it rolled heavily after hitting a rock, nonchalantly with a flick of his hand
the driver had the Buggy upright again and without a pause it was tearing
over the mud again.

OK I'll let all of you who weren't there into the secret, it was a radio
controlled scale model, and a fine model it was too, complete with steering,
working suspension and shock absorber, it should have failed scrutineering
though . . . it's track rods fell off. A lad called Martin Grange was the
proud owner of what is a complex AND expensive piece of machinery, per-
haps this could be the start of something new and cheaper than Land
Rovering? Equally unique but rather larger was a jet black Series 2 Truck
cab with extra large windscreen and 4.6 litre Chevy V8 engine and ace
number plate MUD 75 (I've often wondered if anyone has the PEN 9 num-
ber plate or perhaps SWB 88, LWB 109 or even RR V8, anybody ever seen
them?) With a name like Black Sabbath for his creation perhaps Jerry
Wilkinson was tempting the big G a little, it did seem to spend a fair while
having its innards seen to?

It almost seemed at one time as if we were going to see some mating
during the day as in addition to Black Sabbath there was Dave Baxter all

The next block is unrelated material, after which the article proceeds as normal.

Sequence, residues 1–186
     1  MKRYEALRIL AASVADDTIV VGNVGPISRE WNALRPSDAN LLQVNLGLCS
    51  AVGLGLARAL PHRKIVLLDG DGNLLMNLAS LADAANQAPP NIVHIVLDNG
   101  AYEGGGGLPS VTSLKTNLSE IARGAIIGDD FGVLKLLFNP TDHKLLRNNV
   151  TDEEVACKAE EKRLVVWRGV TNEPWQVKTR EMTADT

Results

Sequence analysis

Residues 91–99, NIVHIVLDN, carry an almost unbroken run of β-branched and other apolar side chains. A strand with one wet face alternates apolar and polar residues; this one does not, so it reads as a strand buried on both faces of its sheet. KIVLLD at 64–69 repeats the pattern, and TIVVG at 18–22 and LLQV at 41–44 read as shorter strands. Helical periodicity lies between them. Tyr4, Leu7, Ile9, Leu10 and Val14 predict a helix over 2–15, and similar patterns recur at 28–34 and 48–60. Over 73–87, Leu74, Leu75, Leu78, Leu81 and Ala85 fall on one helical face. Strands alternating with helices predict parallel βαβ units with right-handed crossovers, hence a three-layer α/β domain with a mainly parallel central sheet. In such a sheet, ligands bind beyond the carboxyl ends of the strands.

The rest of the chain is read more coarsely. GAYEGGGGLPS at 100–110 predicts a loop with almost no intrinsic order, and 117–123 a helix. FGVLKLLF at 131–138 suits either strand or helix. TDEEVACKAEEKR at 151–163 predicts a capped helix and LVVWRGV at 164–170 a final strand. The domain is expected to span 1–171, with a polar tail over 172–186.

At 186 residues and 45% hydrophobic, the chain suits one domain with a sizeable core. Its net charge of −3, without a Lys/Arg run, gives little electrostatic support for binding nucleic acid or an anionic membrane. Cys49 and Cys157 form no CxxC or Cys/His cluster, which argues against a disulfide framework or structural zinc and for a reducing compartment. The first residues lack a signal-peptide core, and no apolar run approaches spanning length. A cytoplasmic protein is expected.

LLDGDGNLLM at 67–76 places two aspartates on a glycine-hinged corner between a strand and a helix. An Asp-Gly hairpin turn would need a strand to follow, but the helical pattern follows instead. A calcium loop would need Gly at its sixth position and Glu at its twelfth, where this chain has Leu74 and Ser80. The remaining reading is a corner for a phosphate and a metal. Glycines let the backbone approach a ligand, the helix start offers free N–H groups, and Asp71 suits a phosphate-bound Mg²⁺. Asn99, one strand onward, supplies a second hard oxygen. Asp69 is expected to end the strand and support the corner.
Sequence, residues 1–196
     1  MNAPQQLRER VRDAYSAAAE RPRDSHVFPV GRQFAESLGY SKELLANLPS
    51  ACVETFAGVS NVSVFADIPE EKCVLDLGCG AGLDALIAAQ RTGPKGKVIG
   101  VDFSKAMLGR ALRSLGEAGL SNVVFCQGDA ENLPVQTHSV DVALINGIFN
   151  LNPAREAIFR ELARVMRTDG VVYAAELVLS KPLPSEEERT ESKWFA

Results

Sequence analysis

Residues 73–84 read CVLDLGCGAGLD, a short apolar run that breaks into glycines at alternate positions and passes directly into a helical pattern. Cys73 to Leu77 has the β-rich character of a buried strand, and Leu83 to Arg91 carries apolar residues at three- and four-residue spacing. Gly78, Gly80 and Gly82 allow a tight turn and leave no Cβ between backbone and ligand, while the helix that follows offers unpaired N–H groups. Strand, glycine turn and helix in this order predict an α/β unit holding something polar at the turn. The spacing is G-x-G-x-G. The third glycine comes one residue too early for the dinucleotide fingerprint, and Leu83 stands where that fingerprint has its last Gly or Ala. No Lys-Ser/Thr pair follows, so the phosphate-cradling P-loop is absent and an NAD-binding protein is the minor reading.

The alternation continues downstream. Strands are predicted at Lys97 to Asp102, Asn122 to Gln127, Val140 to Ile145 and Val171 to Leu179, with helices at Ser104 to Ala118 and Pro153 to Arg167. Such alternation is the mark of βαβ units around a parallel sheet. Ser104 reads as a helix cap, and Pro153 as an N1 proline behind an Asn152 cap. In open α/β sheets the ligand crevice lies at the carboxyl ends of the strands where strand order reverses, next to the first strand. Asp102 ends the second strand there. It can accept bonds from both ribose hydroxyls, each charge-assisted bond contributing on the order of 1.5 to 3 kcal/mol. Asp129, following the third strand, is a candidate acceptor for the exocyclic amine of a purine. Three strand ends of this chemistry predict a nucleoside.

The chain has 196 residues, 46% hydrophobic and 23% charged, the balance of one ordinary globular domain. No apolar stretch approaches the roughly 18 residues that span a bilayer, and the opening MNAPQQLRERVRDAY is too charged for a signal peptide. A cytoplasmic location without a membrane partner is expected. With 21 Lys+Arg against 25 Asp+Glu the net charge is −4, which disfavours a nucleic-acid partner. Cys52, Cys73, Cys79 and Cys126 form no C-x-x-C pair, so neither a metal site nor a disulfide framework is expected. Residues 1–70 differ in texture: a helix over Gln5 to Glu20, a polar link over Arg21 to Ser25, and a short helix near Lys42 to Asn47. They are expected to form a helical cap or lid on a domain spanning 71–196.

the way from Derbyshire in his Rhino V8 (perhaps that's where tiny
buggies come from?)

Anyway while I was giving it the ace reporter bit, John Lister and Dave
Hoskins were altering 6 of the mornings sections to run again in the after-
noon. As always post lunch time driving techniques owed a lot to liquor and
little to latent skill as Eddy Bentham proved immediately after lunch by
planting his V8 firmly on its long suffering snout, doing a neat bumper ba-
lance and then gently rocking back onto all 4 wheels. Seconds later another
motor attempted to do a sideways flip and was only prevented from doing
so by 15 or so bodies clinging to the nearside as ballast, it was all over by
the time I'd ambled up, but Glenn Thompson was much more helpful, he
rolled his right in front of me in a deep gully, definitely a case of driver
fatigue! It was definitely an interesting trials course, but there were only a
few drivers giving it the thought it deserved (but then it's always easy to be
a sideline critic as well!)